Feds Seek Greater Collaboration in Video Surveillance Strategies

Video surveillance cameras are generating data at an astonishing rate. By 2020, “video surveillance data is expected to reach approximately 3.3 trillion hours globally,” according to Security Today. And with new video analytics software, this data can be endlessly analyzed for countless purposes, including facial recognition, anomaly detection, and instant event search.

It might come as a surprise then, that “54 percent of federal video surveillance data goes unanalyzed,” according to a study by EMC Corp. The study surveyed 151 federal decision makers about video surveillance technology, with an even spilt between physical security and IT managers. With all this data going unanalyzed, it’s evident that great intra-agency collaboration is needed. Without it, critical data is essentially going to waste. Below are a few of the video surveillance strategy trends that surveyed decision makers noted in the study.

video-surveillance

Greater collaboration is just one of the video surveillance strategies the feds need to implement, according to a new study.

 

Federal Video Surveillance Strategies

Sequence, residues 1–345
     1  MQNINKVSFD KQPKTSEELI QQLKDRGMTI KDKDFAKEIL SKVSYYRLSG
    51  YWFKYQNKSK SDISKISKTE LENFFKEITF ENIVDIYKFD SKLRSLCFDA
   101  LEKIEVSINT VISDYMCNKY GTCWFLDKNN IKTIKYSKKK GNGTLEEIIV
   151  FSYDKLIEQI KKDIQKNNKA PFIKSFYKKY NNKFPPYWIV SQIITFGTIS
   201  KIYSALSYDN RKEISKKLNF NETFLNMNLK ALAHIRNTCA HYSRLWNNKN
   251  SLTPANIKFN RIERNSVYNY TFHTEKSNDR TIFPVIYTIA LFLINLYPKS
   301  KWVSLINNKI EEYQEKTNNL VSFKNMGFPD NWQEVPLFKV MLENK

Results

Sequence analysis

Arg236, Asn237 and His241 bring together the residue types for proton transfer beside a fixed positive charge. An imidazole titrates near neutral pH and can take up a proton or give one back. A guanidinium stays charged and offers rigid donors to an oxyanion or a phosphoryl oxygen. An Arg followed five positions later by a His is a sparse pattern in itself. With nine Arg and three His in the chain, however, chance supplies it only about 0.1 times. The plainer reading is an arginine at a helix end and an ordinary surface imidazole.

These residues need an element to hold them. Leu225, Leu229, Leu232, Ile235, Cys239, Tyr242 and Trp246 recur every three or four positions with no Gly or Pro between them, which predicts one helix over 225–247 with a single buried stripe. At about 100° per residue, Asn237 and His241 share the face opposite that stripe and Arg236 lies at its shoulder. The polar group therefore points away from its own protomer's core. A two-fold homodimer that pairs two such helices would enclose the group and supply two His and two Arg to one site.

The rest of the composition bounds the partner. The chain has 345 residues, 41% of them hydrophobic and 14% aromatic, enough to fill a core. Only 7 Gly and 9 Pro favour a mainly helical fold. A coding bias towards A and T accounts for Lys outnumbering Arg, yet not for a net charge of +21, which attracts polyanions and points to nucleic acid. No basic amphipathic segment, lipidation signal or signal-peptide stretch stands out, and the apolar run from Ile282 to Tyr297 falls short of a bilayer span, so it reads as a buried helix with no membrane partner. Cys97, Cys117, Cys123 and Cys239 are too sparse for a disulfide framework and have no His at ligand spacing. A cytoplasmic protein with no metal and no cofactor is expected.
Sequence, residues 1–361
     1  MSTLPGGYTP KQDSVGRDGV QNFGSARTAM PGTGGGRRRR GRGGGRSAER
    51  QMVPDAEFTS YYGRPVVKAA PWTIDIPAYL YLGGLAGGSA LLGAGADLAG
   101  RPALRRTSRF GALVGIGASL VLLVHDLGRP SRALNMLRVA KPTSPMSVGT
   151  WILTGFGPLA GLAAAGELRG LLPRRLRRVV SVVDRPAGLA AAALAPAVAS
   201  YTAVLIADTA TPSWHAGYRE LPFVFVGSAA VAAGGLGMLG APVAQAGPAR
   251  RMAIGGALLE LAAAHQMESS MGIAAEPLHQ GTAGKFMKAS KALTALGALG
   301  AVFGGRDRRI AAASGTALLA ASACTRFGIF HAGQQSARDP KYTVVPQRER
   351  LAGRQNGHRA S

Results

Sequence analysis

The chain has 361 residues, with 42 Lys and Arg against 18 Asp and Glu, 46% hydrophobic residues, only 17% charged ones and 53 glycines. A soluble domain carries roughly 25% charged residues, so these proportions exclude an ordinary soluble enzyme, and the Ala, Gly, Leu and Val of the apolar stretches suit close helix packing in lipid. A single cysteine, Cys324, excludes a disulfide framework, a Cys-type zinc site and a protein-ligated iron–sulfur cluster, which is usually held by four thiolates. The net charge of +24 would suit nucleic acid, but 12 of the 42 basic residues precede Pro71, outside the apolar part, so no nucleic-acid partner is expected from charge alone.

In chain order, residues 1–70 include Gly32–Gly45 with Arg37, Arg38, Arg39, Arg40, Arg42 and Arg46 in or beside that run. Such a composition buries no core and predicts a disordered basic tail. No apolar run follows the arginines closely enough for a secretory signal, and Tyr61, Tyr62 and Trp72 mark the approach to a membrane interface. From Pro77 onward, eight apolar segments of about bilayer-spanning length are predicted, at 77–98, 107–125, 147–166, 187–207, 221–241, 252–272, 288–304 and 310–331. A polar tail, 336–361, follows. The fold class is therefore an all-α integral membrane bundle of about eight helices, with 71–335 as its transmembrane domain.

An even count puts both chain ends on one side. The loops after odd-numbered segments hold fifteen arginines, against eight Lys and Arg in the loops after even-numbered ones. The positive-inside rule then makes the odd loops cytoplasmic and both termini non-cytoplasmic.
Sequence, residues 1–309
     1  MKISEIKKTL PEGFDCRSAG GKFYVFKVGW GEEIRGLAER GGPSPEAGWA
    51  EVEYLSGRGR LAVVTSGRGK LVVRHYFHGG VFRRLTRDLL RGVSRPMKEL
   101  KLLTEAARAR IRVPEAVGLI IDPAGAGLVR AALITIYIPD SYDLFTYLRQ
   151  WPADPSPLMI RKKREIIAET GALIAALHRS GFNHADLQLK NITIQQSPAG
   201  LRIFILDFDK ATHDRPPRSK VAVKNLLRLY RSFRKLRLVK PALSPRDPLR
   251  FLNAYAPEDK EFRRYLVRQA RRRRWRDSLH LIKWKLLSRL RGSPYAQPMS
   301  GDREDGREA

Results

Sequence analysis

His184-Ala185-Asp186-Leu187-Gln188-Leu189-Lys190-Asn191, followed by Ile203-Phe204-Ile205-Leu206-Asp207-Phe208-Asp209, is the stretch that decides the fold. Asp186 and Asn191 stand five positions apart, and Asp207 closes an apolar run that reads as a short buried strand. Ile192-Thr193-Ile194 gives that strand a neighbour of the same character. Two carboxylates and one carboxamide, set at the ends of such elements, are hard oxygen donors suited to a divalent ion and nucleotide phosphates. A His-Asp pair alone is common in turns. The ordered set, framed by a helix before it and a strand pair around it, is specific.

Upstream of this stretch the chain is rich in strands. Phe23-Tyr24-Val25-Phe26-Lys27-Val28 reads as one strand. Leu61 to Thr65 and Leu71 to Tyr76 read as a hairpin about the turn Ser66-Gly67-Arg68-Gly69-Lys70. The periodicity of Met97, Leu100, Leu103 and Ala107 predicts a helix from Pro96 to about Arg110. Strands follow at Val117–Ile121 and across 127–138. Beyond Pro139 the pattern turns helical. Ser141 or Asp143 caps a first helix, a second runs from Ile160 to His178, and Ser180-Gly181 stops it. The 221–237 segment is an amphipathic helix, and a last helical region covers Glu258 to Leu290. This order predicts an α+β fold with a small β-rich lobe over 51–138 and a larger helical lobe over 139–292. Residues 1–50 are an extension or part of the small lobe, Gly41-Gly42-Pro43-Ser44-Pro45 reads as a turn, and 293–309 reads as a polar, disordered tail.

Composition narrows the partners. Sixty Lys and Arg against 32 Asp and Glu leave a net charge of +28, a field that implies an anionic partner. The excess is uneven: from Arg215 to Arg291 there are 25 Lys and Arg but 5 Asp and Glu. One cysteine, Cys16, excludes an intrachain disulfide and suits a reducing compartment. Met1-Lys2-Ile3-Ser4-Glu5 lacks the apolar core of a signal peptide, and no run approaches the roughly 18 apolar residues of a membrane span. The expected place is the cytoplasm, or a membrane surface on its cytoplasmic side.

Collaboration

The study revealed that a disconnect between physical security and IT managers may be responsible for the lack of video data analysis. “76 percent of physical security managers vs. 33 percent of IT managers believe the responsibility [of managing their agency’s video surveillance infrastructure] is shared between the two departments.” Reconciling these differences is key to moving forward with improved video surveillance strategies.

Infrastructure Improvement

The huge quantity of video surveillance data being produced requires an advanced infrastructure to handle it. However, the vast majority of agency decision-makers felt that their current infrastructures were unable to handle this volume of data. “Over the next five years, 91 percent believe storage needs to increase, 89 percent believe computing power needs to increase, and 84 percent believe personnel needs to increase, in order to adapt and handle the oncoming growth,” says Security Today.

Edge-to-Core

One area in which federal agencies are pushing forward is in maximizing insights possible with video surveillance data by using edge-to-core technologies. The concept of edge-to-core is essentially the idea of the assimilation of video data from a variety of different sources into one central node, from which it can be easily viewed and analyzed. “74 percent of survey respondents operate an enterprise approach, including an edge-to-core architecture for video surveillance.”

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Source

http://security-today.com/Articles/2015/05/01/Collaboration-is-Key-in-the-Video-Vortex.aspx?Page=1

This entry was posted on Thursday, May 28th, 2015 at 1:20 pm. Both comments and pings are currently closed.

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